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Does your home have a first aid kit? If so, do you know what's in it? Do you know what SHOULD be in it? Every home should have a first aid kit, with more than just a few bandages and an outdated tube of antibiotic ointment!

A first aid kit is a good place to keep all of your medical supplies. If you keep everything together, you won't be running all over your home in an emergency, trying to remember where you put the Calamine lotion or adhesive tape!

If you stock your first aid kit completely, you will find that you need a bigger container than a 4x4 white metal box with a red cross on the top! A plastic storage container is ideal for use as a first aid kit.

Benefits of a plastic storage container include 1. A choice of sizes, 2. The lid seals tight to keep out water (but keep in mind that even the tightest-sealing lid will not keep out little fingers), and 3. The plastic container will not rust, like some metal containers can, if exposed to water.

The size of your first aid kit should be relative to the size of your family. For instance, a family of two adults may find that one box of bandages in their first aid kit is enough to last them for a few months. However, a family of two adults and five children may go through an entire box in a week!

Regardless of the quantity of each item in your kit, be sure to include at least one of every item on the following list.


  • Your family's medical information, including any health conditions, allergies, and medications.

  • Emergency phone numbers (TAPE TO THE LID OF THE KIT): family doctors, local poison control center, and local emergency numbers if your area does not have 911 service.

  • A basic guide to emergencies and first aid.


  • Assorted sized of bandages, including butterfly-type.

  • Triangular cloths for wrapping and splinting.

  • Gauze: pads and rolls.

  • Adhesive tape.

  • Elastic wraps.

  • Rounded-tip scissors.

  • Antiseptic wipes.

  • Disposable, instant cold-packs.

  • Tweezers.

  • Rubber gloves.

  • Peroxide for disinfecting wounds.


  • Aspirin and acetaminophen (Tylenol): make sure you have age-appropriate formulas. Always have at least two aspirin available for heart attack symptoms. Don't give aspirin to children.

  • Syrup of Ipecac: used to induce vomiting in cases of poisoning. ONLY use on the advice of a doctor or poison control center.

  • Cough syrup, antihistamines, and decongestants: stock different formulas according to the age of your family.

  • Small plastic dosing cups and an oral syringe for children.

  • Electrolyte solution for diarrhea in infants and children.

  • Pepto-Bismol.

  • Hydrocortisone cream for rashes.

  • Calamine lotion for insect bites and poison ivy.

  • Antibiotic ointment for wounds.


  • Keep your thermometer(s) in your first aid kit. You will always know where it is!

  • Keep personal emergency medicines (such as Epi-Pens or emergency inhalers) in your kit. Make sure you have a spare for outings, though. Label each with the name of the individual for which the medicine is intended.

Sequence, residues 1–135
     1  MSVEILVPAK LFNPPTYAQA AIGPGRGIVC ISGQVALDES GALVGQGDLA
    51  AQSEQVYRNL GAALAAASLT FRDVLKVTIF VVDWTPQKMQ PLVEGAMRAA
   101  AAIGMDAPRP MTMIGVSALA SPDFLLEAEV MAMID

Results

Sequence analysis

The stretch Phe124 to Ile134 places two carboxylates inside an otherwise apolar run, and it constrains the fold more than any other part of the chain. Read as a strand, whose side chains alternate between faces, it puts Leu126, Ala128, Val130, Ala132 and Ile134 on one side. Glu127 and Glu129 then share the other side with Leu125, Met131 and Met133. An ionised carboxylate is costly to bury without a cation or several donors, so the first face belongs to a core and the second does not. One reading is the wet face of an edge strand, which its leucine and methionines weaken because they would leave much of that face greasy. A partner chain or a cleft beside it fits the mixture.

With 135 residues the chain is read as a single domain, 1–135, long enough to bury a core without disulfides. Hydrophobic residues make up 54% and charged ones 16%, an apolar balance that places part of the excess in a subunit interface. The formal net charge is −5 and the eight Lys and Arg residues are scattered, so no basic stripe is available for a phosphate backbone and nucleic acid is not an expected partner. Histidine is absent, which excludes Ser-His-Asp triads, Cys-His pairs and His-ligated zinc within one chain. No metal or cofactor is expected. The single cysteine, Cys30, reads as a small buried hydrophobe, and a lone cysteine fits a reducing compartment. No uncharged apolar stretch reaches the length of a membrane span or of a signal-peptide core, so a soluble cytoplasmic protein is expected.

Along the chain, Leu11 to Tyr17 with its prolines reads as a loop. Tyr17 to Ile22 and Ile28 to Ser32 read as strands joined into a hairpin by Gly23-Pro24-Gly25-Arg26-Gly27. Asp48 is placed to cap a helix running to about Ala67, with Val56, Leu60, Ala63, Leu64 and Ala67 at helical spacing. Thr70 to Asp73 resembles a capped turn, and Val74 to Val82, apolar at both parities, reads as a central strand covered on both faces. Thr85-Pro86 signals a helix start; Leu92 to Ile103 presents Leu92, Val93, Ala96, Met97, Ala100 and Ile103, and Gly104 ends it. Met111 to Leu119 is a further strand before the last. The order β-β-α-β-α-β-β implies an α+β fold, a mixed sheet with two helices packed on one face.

• Write down the expiration dates of all the medicines in your kit. Replace items as they expire.

  • Keep your first aid kit in an accessible location, but out of the reach of curious little hands!

Taking the time now to create a well-stocked first aid kit means you will have everything you need right at your fingertips in the event of an emergency.

  • For moderate dehydration, especially in children, call your doctor for advice. Children can become severely dehydrated very quickly, so let your doctor decide whether your child's dehydration can be treated at home, or requires medical attention. Intravenous fluids may be needed for moderate dehydration (child or adult).
  • For severe dehydration, CALL 911. Severe dehydration is a life-threatening condition, and requires immediate medical attention. Be aware that dehydration can worsen quickly if not treated, especially in children, so prevention and early treatment of dehydration is crucial. Severe dehydration that is left untreated can result in seizures, permanent brain damage, and even death.

  • When you are exercising, make sure you're continually drinking fluid to replace those lost through sweat. In times of extreme heat, you may want to skip your workout, or exercise indoors in an air-conditioned environment to avoid dehydration and heat illness.
  • If you have children, be aware that dehydration can occur during any illness. Be prepared: know the symptoms of dehydration, and it's not a bad idea to have a bottle of children's electrolyte solution on hand to avoid an emergency trip to the store with a sick child in tow! If you have any doubts or questions about the development of dehydration in your ill child, call your doctor.
Nonfatal injuries and illnesses, private industry Fatal work-related injuries

Total recordable cases:
4,214,200 in 2005

Cases involving days away from work:
1,234,700 in 2005

Cases involving sprains, strains, tears:
503,530 in 2005

Cases involving injuries to the back:
270,890 in 2005

Cases involving falls:
255,750 in 2005

Total fatalities (all sectors):
5,734 in 2005

Total fatalities (private industry):
5,214 in 2005

Highway incidents (private industry):
1,265 in 2005

Falls (private industry):
735 in 2005

Homicides (private industry):
481 in 2005

Please Note: The information contained in this publication is intended for general information purposes only. This publication is not a substitute for review of the applicable government regulations and standards, and should not be construed as legal advice or opinion. Readers with specific questions should refer to the cited regulation or consult with an attorney.
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